Brief scuffle between Chicago protesters, police

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A brief scuffle breaks out in Chicago between police and protesters who had taken to the streets in anger over the release of a video that shows an officer involved fatal shooting of a young black man. Rough Cut (no reporter narration).

Brief scuffle between Chicago protesters, police

ROUGH CUT (NO REPORTER NARRATION)

STORY: A brief scuffle broke out in Chicago late Tuesday (November 24) between police and protesters who had taken to the streets in anger over the release of a video that showed an officer involved fatal shooting of a young black man.

Residents came into the streets after police released the highly anticipated video showing white police officer Jason Van Dyke fatally shooting 17-year-old Laquan McDonald 16 times on October 2014.

The video was released a day earlier than expected after a shorter version came into the possession of Chicago media, a police spokesman said.

Just before the scuffle, protesters were shouting “let him go” after officers appeared to detain a male protester. The encounter was brief and protesters continued in their street march.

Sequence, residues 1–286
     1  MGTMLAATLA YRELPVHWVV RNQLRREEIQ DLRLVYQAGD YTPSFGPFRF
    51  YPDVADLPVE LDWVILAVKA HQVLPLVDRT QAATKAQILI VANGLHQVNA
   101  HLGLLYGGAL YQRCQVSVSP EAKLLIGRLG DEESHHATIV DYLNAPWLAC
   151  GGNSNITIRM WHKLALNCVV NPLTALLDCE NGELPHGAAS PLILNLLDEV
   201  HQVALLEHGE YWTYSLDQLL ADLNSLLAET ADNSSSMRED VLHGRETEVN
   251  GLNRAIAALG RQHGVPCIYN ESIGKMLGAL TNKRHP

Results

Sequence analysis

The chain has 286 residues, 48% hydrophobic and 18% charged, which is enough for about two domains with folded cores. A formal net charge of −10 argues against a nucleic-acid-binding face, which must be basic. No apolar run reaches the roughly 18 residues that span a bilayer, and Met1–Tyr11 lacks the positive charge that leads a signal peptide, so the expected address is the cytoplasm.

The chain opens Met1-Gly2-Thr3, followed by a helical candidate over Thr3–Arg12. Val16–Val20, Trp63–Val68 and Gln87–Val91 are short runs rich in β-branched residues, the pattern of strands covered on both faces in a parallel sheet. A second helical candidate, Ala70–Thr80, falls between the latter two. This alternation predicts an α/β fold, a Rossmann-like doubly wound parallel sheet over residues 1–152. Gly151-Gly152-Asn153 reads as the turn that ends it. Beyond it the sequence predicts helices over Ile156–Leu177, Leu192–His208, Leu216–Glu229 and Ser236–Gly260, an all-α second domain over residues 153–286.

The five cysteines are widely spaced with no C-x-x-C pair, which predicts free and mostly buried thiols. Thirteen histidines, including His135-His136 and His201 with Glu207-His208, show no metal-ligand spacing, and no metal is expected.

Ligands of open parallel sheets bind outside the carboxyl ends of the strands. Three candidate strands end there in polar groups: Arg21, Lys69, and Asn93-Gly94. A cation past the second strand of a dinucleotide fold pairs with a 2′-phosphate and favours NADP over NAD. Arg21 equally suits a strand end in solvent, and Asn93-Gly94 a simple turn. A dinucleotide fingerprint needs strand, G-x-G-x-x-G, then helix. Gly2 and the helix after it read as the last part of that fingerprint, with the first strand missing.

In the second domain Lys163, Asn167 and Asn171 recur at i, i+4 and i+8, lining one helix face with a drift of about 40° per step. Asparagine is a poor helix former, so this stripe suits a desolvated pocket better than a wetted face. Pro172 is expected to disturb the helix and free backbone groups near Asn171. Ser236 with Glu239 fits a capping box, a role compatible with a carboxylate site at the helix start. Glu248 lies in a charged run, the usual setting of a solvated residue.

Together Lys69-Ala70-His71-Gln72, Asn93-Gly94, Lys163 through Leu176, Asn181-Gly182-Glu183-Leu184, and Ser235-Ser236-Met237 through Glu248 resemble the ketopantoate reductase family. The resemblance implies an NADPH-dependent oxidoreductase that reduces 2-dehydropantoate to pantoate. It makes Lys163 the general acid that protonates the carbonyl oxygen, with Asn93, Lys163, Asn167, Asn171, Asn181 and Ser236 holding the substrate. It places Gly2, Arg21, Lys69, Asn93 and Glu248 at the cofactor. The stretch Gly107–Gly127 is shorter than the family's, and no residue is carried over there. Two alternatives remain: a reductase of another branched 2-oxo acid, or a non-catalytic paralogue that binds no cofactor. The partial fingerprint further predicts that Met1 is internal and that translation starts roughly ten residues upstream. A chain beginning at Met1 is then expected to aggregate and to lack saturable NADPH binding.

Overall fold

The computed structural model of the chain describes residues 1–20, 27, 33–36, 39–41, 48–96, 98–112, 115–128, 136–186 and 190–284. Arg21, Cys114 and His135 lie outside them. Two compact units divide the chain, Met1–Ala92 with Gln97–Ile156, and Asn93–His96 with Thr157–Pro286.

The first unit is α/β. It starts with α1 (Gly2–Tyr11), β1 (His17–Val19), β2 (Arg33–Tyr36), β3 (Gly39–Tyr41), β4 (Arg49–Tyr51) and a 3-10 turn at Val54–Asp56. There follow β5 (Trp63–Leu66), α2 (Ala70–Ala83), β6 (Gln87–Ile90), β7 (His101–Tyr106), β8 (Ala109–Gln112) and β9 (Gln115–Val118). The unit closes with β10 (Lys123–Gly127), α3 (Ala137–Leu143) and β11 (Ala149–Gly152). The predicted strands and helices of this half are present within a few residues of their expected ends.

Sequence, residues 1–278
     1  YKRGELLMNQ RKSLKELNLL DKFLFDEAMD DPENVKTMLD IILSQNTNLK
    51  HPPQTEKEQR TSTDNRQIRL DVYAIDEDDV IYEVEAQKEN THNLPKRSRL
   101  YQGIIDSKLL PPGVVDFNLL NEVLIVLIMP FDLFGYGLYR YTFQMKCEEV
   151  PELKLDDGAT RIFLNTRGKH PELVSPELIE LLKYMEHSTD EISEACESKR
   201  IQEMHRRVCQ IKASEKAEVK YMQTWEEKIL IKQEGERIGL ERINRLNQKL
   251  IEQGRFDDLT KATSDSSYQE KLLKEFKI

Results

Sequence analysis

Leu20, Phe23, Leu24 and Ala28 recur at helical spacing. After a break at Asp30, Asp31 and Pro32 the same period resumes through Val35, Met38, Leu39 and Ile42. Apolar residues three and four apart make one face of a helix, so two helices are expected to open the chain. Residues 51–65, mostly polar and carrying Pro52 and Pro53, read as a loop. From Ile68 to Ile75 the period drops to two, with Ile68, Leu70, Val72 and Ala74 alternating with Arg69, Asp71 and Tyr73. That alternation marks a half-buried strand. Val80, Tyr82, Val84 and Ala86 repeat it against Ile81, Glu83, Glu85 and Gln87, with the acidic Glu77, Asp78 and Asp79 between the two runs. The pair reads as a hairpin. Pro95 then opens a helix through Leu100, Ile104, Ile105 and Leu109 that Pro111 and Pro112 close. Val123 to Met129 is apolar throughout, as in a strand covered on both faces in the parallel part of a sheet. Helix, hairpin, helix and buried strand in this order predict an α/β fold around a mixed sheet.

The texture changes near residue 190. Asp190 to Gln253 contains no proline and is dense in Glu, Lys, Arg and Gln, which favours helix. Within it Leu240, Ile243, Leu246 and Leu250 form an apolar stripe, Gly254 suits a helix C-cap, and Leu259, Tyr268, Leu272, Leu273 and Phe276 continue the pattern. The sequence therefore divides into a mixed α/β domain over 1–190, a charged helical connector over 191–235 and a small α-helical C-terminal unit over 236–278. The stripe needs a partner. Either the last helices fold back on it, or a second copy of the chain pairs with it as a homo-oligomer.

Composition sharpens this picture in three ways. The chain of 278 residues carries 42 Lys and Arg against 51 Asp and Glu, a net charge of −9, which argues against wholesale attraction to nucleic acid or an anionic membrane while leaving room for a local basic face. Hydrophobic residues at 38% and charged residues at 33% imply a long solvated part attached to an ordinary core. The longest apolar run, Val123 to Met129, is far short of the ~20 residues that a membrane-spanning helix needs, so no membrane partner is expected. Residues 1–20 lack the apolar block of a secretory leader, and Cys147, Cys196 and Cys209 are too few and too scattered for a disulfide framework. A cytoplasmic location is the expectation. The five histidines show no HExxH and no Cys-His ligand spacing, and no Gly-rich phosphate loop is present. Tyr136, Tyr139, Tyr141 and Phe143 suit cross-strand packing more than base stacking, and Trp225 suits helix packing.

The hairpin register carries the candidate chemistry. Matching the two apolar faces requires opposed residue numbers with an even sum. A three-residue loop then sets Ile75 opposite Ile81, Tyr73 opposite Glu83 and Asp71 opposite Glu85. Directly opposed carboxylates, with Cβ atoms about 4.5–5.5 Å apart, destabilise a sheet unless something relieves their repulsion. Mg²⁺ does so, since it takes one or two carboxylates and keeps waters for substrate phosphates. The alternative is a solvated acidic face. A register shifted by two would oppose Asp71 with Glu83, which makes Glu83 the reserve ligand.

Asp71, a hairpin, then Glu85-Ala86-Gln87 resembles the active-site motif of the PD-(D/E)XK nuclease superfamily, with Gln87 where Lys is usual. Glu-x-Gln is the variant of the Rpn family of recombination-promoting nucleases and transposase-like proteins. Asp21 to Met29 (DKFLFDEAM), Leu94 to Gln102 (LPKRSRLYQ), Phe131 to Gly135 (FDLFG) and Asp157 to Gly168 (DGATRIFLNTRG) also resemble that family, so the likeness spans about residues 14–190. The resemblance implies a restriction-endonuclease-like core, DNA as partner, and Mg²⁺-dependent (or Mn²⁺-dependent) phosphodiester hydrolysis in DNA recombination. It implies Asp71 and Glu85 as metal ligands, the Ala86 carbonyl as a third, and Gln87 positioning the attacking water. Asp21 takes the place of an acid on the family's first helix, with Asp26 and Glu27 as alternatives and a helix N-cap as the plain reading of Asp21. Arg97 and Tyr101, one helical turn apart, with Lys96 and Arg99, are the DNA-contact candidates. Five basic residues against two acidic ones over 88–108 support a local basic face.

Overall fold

Van Dyke, 37, has said through his lawyer and the police union that the shooting was justified because he felt threatened by McDonald.

Van Dyke was denied bail at a hearing in Chicago’s main criminal courthouse hours after top Cook County prosecutor Anita Alvarez announced charges of first-degree murder. If convicted, Van Dyke could face 20 years to life in prison.

At a brief court hearing for Van Dyke on Tuesday, prosecutor Bill Delaney told Cook County Circuit Court Associate Judge Donald Panarese that a video of the 2014 shooting does not show McDonald, who was armed with a knife, advancing on Van Dyke, and that witnesses concur on that fact.

The prosecution was speeded up in hopes of staving off a fresh burst of the turmoil over race and police use of deadly force that has shaken the United States for more than a year.

Chicago Mayor Rahm Emanuel appealed for calm as the city prepared for possible protests and the Chicago Public Schools district, one of the biggest in the country with 400,000 students, sent a letter to parents saying they have prepared teachers to discuss the video with children at school.

Tags : police, protesters, Chicago, Between, Scuffle, brief

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